The Eknath Shinde-led Maharashtra government’s ministerial council expansion on Tuesday — both the inclusions and an exclusion — indicates the BJP and rebel Shiv Sena group’s plans to take on the Uddhav Thackeray-led Shiv Sena in its strongholds Mumbai and Aurangabad in the coming civic elections.A senior BJP functionary said the party’s focus was now on the Brihanmumbai Municipal Corporation (BMC) election and on civic bodies in Sena strongholds such as Aurangabad, Thane, and Kalyan-Dombivli. With this in mind, the ruling coalition appointed leaders to the expanded council of ministers.Though many political observers were left surprised by the non-inclusion of former minister and Bandra (West) MLA Ashish Shelar, party insiders said it was part of the strategy to deploy his services for the coming BMC polls. In 2017, Shelar was the president of the BJP’s Mumbai unit. Under his leadership, the party put in a stellar performance by winning 82 of the 227 wards in the BMC, just two behind the Shiv Sena, its ally at the time. The Shiv Sena has been in power in the civic body since winning it for the first time in 1985. To keep the Sena happy back then, the BJP allowed its ally to keep control of the BMC and instead maintained greater control of the state government.After the Sena severed its ties with the BJP and joined with the Nationalist Congress Party (NCP) and the Congress to form the Maha Vikas Aghadi government, Shelar positioned himself as a staunch anti-Thackeray leader and worked to corner the Sena over alleged financial irregularities in the BMC and its poor functioning. BJP functionaries said that the party’s central leadership, along with state leaders, had prepared a blueprint to take on the Sena in the next BMC polls and win more than 134 wards in the country’s richest civic body.The BJP has also eyes on the Aurangabad Municipal Corporation, which has been a Sena stronghold apart from the BMC and the Thane civic body. In the Cabinet, at least three new ministers are from the city. They are Atul Save (BJP), Abdul Sattar (Shinde group) and Sandipan Bhumare (Shinde faction). In Thane, which is the CM’s bastion, the ruling coalition expects to sail through as a majority of incumbent corporators have switched loyalties to the Shinde faction. The BJP, to consolidate its own base in the Kalyan-Dombivli Municipal Corporation, has given a ministerial berth to Ravindra Chavan from Dombivli.With the induction of leaders such as Girish Mahajan, Gulabrao Patil, and Dadasaheb Bhuse into the ministerial council, the BJP is looking to secure its position in north Maharashtra where the NCP has been trying to make deeper inroads. The BJP expects the appointments to boost its efforts to wrest control of the Jalgaon civic body from the Shiv Sena and retain the Nashik Municipal Corporation.
Tata Power Wednesday announced it will be collaborating with real estate developer JP Infra Mumbai Pvt. Ltd for the installation of over 60 electric vehicle (EV) charging points all over JP Infra’s projects in Mumbai. Backed by the Maharashtra government, the initiative will enable end-to-end EV charging solutions.Providing a 24×7 charging provision, residents owning an EV will be able to monitor remote vehicle charging as well as have access to e-payment options via services laid out on the ‘Tata Power EZ Charge’ mobile app.A Tata Power’s spokesperson said, “We are spearheading the EV charging revolution in the country and making sustainable mobility attainable for lakhs of EV owners. We are scaling up our EV charging infrastructure in the state to contribute to the Maharashtra Govt’s aim of a rapid transition to green mobility. The collaboration with JP infra will provide a seamless charging experience to its residents and accelerate the adoption of EV vehicles.”Tata Power had previously tied-up with the National Real Estate Development Council (NAREDCO) of Maharashtra to install up to 5,000 EV charging stations in the state.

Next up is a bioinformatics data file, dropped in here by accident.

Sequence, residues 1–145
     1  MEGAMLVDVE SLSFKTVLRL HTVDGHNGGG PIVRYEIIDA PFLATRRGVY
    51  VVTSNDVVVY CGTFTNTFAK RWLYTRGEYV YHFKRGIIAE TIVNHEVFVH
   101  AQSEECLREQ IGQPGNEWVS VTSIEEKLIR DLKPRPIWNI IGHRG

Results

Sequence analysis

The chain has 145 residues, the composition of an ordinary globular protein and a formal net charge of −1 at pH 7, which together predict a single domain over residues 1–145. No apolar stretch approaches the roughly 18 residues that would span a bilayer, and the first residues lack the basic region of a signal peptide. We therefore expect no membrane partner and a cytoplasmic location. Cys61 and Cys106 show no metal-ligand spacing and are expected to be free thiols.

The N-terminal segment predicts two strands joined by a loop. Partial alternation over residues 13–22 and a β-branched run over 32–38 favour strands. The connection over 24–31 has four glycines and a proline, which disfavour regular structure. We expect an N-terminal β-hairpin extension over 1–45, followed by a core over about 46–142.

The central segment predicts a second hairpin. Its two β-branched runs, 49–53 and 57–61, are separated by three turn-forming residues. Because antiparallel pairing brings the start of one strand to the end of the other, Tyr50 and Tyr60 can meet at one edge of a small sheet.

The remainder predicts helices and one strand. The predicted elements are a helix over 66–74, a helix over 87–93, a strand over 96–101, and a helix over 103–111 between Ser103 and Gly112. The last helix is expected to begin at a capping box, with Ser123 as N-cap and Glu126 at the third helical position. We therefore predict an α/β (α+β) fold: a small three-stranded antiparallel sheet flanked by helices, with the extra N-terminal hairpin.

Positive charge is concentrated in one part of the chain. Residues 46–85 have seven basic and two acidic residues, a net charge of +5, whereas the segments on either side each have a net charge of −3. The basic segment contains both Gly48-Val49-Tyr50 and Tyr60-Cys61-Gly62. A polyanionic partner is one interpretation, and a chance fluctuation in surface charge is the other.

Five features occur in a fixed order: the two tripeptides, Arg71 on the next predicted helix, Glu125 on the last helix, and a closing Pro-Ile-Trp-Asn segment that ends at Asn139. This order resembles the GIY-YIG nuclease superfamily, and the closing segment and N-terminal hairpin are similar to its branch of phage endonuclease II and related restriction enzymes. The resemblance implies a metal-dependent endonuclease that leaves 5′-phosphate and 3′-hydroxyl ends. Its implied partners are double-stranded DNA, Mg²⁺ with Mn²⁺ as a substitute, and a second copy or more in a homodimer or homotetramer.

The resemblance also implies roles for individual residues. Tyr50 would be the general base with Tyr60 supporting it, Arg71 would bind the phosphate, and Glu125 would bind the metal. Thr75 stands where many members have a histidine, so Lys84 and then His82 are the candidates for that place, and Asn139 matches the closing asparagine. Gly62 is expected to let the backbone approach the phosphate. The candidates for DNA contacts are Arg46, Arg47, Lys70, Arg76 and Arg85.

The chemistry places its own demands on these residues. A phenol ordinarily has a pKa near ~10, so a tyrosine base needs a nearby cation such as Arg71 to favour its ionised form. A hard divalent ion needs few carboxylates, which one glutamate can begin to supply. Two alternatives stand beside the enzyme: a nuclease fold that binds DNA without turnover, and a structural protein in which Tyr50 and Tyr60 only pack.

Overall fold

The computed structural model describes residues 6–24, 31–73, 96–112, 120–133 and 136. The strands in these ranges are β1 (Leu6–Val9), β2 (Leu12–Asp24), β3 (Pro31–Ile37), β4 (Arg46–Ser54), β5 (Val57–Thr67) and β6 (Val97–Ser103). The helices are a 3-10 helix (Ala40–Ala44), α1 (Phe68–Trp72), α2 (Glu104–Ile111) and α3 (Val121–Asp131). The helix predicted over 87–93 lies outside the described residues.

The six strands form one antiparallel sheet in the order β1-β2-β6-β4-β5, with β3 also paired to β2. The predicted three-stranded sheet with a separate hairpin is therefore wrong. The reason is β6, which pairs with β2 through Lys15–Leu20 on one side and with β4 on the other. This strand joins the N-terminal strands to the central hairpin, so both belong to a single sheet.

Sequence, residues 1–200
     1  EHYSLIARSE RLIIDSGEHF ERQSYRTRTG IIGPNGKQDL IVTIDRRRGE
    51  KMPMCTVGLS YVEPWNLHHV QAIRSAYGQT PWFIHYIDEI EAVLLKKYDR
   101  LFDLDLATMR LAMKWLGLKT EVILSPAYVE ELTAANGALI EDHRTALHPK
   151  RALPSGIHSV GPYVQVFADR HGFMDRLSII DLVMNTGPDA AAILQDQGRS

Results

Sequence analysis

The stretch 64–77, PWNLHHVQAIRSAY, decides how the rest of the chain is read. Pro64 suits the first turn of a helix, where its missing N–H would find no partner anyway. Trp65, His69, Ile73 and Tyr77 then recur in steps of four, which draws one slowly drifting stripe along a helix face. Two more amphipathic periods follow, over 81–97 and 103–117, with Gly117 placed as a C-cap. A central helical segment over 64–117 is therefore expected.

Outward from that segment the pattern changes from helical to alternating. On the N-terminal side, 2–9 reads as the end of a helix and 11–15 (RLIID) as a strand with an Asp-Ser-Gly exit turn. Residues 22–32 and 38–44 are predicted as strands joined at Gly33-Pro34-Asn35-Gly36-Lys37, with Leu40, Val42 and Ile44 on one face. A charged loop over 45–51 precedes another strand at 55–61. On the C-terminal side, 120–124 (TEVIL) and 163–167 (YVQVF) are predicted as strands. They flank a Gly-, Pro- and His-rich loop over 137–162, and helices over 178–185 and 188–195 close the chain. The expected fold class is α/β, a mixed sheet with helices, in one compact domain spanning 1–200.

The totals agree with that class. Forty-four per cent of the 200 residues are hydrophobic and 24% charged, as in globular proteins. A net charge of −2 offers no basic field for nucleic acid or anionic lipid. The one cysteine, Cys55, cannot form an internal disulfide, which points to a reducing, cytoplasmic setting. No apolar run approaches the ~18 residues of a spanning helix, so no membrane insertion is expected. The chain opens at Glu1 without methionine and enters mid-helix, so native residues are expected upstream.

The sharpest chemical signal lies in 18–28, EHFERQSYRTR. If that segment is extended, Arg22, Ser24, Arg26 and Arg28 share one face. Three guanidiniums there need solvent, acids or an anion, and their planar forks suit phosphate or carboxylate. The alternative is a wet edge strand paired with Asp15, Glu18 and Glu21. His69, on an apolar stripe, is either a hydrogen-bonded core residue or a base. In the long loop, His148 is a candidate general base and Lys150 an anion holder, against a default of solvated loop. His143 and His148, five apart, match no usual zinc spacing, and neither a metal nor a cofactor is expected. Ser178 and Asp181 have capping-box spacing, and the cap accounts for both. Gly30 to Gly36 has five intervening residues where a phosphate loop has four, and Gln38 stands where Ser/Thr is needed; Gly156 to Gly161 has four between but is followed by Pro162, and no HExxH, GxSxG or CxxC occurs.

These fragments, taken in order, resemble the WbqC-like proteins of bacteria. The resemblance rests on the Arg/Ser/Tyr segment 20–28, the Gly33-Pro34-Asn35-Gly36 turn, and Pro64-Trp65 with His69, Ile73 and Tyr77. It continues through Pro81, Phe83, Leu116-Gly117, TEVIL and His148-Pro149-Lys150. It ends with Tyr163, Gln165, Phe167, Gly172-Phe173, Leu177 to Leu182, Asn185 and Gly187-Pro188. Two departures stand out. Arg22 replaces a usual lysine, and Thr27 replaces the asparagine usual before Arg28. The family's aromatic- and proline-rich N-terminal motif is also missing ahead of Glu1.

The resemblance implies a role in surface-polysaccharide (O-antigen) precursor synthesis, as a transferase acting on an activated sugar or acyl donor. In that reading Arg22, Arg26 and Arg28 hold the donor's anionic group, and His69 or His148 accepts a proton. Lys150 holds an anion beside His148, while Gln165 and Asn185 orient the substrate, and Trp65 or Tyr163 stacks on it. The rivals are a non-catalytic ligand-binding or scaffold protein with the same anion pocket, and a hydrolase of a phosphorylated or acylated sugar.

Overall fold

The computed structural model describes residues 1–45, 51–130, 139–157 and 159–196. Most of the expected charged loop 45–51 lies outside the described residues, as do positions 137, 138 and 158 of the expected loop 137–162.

MUMBAI: MSEDCL managing director Vijay Singhal on Wednesday announced setting up of ten more special squads for power theft detection across the state. He informed the media that in just three months, from April to June, MSEDCL squads had detected a huge number of power thefts to the tune of Rs 131 crore. "Our existing 63 special squads detected 2,625 cases across Maharashtra, including a significant number in Mumbai, Thane and Navi Mumbai. We came across 239 million units of power thefts and during the prosecution, we recovered penalties to the tune of Rs 54 crore," he said. He, however, took a review meeting with senior officials recently and directed them to step up vigilance and nab those involved in power pilferage. "It will help us reduce our electricity distribution losses further and this in turn can improve the financial condition of the state power discom," he said. Statistics made available to the media on Wednesday showed that in 2019-20, 9250 cases of power theft worth Rs 98 crore were detected. In comparison, in 2020-21, 7169 cases and Rs 87 crore worth power theft were detected and in 2021-22, 13,370 cases were detected for electricity pilferage worth Rs 264 crore. "We appeal to citizens to get meters installed and replace those which are defective," Singhal added.